Gunkholing - (noun) The fine art of cruising from one small cove or anchorage to another, arising late and arriving early.
If you ever plan to cruise the San Juan Islands, you need to get a copy of this cruising guide. It is the definitive reference (at least as far as I am concerned) for cruising the San Juans. Jo Bailey and Carl Nyberg have spent their entire lives cruising in the Islands - even if you start now, you have no hope of accumulating the equal to their experience.
This book (ISBN 0-944257-04-6) should be on your boat in the summer, and if you are not a liveaboard, it should be on your coffee table in the winter. It can guide your dreams and plans in the winter, and then guide you in the summer.
Here's a typical description, of Parks Bay, one of our favorite gunkholes. See if you like their description better than mine:
Parks Bay is about 0.5 mile long and 0.2 mile wide, a secluded spot, the waters reflecting the deep green of surrounding trees. This is a place where yours might be the only boat at anchor. Mariners in Parks Bay tend to be quiet, picking up the tranquil mood of the bay. Several tiny, shallow coves filled with submerged piles and old deadheads are fun to explore by small boat.From long experience, I can attest to the accuracy of that description. Of course, they have pictures and charts to go along with the descriptions. We really like the background and local color that they give - it brings the places to life and fits them into history. With the descriptions, rather than locations, they become places. They come alive for us.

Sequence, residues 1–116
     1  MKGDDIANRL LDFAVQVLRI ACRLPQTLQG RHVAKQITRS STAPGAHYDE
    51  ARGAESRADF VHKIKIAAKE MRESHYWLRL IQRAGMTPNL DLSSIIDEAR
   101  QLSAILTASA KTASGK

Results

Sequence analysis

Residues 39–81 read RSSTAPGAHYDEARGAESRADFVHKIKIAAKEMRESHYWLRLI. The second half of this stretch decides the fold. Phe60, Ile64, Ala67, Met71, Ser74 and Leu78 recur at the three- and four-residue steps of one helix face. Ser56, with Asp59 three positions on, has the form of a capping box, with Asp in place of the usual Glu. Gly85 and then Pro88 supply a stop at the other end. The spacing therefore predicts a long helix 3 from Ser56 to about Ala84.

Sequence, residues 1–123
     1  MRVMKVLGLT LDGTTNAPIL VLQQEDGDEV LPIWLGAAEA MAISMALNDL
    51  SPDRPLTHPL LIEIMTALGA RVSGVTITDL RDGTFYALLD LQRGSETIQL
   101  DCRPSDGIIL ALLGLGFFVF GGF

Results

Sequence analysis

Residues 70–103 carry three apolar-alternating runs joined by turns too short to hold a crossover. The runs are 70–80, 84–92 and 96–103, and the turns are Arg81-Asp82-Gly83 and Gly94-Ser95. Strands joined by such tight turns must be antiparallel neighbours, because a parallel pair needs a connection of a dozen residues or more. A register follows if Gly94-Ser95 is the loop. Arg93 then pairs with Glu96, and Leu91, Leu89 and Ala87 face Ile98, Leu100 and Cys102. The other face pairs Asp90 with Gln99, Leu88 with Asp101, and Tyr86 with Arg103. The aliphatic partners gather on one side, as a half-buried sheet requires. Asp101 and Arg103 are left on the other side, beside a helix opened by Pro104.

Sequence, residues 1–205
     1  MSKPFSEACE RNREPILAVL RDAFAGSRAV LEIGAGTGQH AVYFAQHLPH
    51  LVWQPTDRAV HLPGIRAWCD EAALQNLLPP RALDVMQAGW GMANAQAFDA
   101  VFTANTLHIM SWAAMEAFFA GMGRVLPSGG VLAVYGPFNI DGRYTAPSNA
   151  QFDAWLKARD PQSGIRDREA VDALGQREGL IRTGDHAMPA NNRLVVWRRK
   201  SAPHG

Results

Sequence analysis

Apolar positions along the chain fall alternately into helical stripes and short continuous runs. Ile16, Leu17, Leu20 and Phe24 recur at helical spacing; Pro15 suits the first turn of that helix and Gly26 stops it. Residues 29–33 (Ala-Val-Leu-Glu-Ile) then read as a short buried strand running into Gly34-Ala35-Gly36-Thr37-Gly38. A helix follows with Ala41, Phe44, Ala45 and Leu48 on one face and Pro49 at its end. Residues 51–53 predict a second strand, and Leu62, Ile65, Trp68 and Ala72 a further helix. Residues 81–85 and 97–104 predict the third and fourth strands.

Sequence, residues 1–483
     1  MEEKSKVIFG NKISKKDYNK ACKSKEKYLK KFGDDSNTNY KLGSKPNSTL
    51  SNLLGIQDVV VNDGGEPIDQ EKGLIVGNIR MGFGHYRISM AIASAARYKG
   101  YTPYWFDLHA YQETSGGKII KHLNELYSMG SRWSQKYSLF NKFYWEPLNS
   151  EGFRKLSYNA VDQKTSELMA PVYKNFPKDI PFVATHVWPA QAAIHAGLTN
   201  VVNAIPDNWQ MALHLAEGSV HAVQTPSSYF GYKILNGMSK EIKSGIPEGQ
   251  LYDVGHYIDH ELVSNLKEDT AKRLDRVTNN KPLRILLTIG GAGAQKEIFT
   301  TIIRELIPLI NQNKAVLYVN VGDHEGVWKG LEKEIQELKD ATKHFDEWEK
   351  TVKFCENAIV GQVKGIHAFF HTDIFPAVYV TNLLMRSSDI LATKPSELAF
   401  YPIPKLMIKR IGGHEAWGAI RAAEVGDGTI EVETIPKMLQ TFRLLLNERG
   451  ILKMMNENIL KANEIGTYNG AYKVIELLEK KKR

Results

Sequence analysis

This is a favorite anchorage among local boaters, who prefer a small quiet bay to a crowded harbor. The best anchorage is the south end of the bay in 3-8 fathoms. There's good protection here with a mostly mud bottom. Although North westerlies may blow in, most of the time it's pretty calm. There's room for perhaps a dozen boats, but we've never seen that many.
It is a delightful gunkhole. Herons stand for hours on long stick legs on the rocky shores of Parks Bay, waiting for snacks to swim past, darting their long beaks into the water for an instant meal. Eagles soar on huge outstretched wings high above.
There are no public tidelands in the bay, and the entire shore is posted "Scientific Research Area. Positively no trespassing on tidelands or uplands, and no dogs." This is a University of Washington Biological Preserve on about 1,000 acres. The land was donated by the Ellis family: brothers Henry and Bob, both deceased, and Fred, who lives on Shaw Island. A pier near the head of the bay on the east side belongs to the UW, Friday Harbor Labs. It has a shed and an occasional small boat tied alongside.
The north end of the bay has a notch in the corner, east of a small penninsula, where we've also anchored in about 6 fathoms. It's more exposed to wind and waves from San Juan Channel, and there's room for just one boat in here. Sunsets and moonrises from this little cove are stupendous.
We've worn out our original copy of this guide and are now on our second copy. That ought to say something to you.